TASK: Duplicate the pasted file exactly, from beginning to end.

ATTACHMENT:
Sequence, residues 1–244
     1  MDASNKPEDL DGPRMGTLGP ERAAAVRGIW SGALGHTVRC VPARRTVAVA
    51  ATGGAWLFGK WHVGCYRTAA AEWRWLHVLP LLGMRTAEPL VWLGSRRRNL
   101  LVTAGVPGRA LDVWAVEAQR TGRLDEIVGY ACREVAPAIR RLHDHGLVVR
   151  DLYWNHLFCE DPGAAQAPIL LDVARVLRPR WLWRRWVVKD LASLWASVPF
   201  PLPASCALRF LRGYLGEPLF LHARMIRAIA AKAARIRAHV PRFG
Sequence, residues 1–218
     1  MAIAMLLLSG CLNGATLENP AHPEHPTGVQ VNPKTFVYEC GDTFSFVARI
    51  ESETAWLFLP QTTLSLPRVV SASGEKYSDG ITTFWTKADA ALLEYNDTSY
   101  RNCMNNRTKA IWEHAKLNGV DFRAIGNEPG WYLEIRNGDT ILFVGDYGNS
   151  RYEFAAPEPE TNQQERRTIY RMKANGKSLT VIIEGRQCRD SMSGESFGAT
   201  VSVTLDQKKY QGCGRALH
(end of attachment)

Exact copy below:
Sequence, residues 1–244
     1  MDASNKPEDL DGPRMGTLGP ERAAAVRGIW SGALGHTVRC VPARRTVAVA
    51  ATGGAWLFGK WHVGCYRTAA AEWRWLHVLP LLGMRTAEPL VWLGSRRRNL
   101  LVTAGVPGRA LDVWAVEAQR TGRLDEIVGY ACREVAPAIR RLHDHGLVVR
   151  DLYWNHLFCE DPGAAQAPIL LDVARVLRPR WLWRRWVVKD LASLWASVPF
   201  PLPASCALRF LRGYLGEPLF LHARMIRAIA AKAARIRAHV PRFG
Sequence, residues 1–218
     1  MAIAMLLLSG CLNGATLENP AHPEHPTGVQ VNPKTFVYEC GDTFSFVARI
    51  ESETAWLFLP QTTLSLPRVV SASGEKYSDG ITTFWTKADA ALLEYNDTSY
   101  RNCMNNRTKA IWEHAKLNGV DFRAIGNEPG WYLEIRNGDT ILFVGDYGNS
   151  RYEFAAPEPE TNQQERRTIY RMKANGKSLT VIIEGRQCRD SMSGESFGAT
   201  VSVTLDQKKY QGCGRALH